Commentary on Altruism and Selfishness, by Howard Rachlin
Abstract: 66 words
Main Text: 1067 words
References: 204 words
Total Text: 1383 words
The new emphasis that Rachlin gives to social learning is welcome, because its role in the emergence of altruism and communication is often underestimated. However, Rachlin's account is underspecified and therefore not satisfactory. I argue that recent computational models of the evolution of language show an alternative approach, and present an appealing perspective on the evolution and acquisition of a complex, altruistic behavior like syntactic language.
In the target article, Rachlin calls attention to the role of social learning in the emergence of altruistic behavior in humans. This shift of emphasis in thinking about altruism has intriguing consequences. Acknowledging the important role of learning leads one to ask at least three new and challenging questions: (1) about the exact mechanisms by which altruistic behavior emerges in learning and development; (2) about the ways in which the existence of learning mechanisms has changed the evolutionary process; and, vice versa, (3) about the ways in which evolution has shaped the learning mechanisms that lead to altruism. We can no longer - as is common in traditional game-theory - ignore the intricate mapping between genotypes (the genes) and phenotypes (the behaviors) and the strong dependence of this mapping on the individual's (cultural) environment.
Rachlin's paper is a welcome effort to underline this point, but I think his explanation for the emergence of altruistic behavior in humans suffers from underspecification: some crucial concepts are too loosely defined to make it possible to really agree or disagree with his analysis. I will discuss Rachlin's answers to the questions above from this perspective, and then try to show that some recent computational models in the related field of the evolution of communication offer a more precise account of the evolution of altruistic behavior.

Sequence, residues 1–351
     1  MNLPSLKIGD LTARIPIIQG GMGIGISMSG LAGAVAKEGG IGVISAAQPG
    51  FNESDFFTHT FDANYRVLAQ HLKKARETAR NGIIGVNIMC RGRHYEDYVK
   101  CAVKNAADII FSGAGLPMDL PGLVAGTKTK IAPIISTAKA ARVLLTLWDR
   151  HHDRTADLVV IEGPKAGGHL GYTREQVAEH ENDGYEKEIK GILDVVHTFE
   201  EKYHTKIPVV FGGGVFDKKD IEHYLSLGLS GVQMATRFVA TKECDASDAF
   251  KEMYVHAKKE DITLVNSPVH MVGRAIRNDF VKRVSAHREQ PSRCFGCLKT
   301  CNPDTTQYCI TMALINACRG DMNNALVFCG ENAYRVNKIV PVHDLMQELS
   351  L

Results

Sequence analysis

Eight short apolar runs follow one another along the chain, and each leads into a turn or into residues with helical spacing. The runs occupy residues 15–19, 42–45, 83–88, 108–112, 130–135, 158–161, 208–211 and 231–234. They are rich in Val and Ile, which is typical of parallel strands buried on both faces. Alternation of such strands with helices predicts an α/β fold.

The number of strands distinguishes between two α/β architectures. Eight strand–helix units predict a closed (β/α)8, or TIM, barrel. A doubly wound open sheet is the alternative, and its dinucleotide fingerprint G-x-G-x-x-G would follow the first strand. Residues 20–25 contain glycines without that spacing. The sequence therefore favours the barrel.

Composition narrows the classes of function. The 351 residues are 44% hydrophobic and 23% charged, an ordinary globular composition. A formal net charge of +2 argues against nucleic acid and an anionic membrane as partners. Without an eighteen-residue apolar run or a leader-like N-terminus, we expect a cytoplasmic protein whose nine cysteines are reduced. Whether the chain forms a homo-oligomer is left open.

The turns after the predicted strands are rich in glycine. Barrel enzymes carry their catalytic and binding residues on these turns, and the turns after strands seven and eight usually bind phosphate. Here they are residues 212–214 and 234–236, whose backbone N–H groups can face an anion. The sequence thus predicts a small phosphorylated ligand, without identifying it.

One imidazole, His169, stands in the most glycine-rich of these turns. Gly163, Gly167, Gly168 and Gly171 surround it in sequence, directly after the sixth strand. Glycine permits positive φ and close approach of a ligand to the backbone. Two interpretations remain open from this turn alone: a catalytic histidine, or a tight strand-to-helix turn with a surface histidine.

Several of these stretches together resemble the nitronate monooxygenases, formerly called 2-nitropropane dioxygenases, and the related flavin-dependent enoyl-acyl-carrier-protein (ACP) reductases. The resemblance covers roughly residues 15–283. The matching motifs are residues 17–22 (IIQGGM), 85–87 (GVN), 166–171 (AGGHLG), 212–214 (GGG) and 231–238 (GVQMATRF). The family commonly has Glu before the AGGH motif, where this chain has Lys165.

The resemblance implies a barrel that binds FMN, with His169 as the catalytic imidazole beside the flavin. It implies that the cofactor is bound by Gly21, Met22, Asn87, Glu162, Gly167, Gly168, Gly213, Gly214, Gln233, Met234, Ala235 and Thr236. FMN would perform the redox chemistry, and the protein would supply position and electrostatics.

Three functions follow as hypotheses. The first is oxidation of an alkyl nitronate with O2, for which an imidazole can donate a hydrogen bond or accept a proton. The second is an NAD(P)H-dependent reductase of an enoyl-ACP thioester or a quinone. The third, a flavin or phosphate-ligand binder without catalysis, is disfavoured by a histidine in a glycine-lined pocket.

Rachlin's answer to the first question is a mechanism similar to self-control. Humans discover that choosing for a whole pattern of altruistic activities is in the end more rewarding than repeating alternative, selfish activities, even though the latter offer more short-term benefits. The problem with this account is that it is unclear what constitutes a ``pattern''. Without a theory on how individuals represent and acquire this knowledge, we can never identify the different strategies that individuals can choose from.
A related problem arises for Rachlin's implicit answer to the second question. Rachlin gives the example of a woman that puts her life in danger to rescue someone else's child. His explanation of her brave behavior rests on the crucial assumption that the woman at some point in her development had to choose between life-long altruism or life-long selfishness. If there are only these two choices, and if the first choice is indeed more profitable in the long run, natural selection of course favours the tendency to choose it. However, Rachlin gives no arguments for why the choice would be so constrained. I find it difficult to accept that with all the subtle influences that genes have on our behavior, selectively avoiding life-threatening situations was not a possibility.
Rachlin's implicit answer to the third question is no solution to that objection. Essentially, he explains the evolution of altruistic behavior by claiming that it is not really altruistic after all. Altruistic - at least in its traditional sense in evolutionary game theory (Maynard Smith, 1982) - are those behavioral strategies that benefit others, but harm the individual that employs them even though less harmful strategies are available. A game-theoretic analysis of the evolution of alarm-calls in certain bird species (Maynard Smith, 1982) therefore emphasizes evidence that the calls really are harmful and that other strategies are really available. In contrast, the altruistic strategy in Rachlin's scenario is in the long run advantageous, and better alternatives are not available; it is thus not ``really'' altruistic in the traditional sense.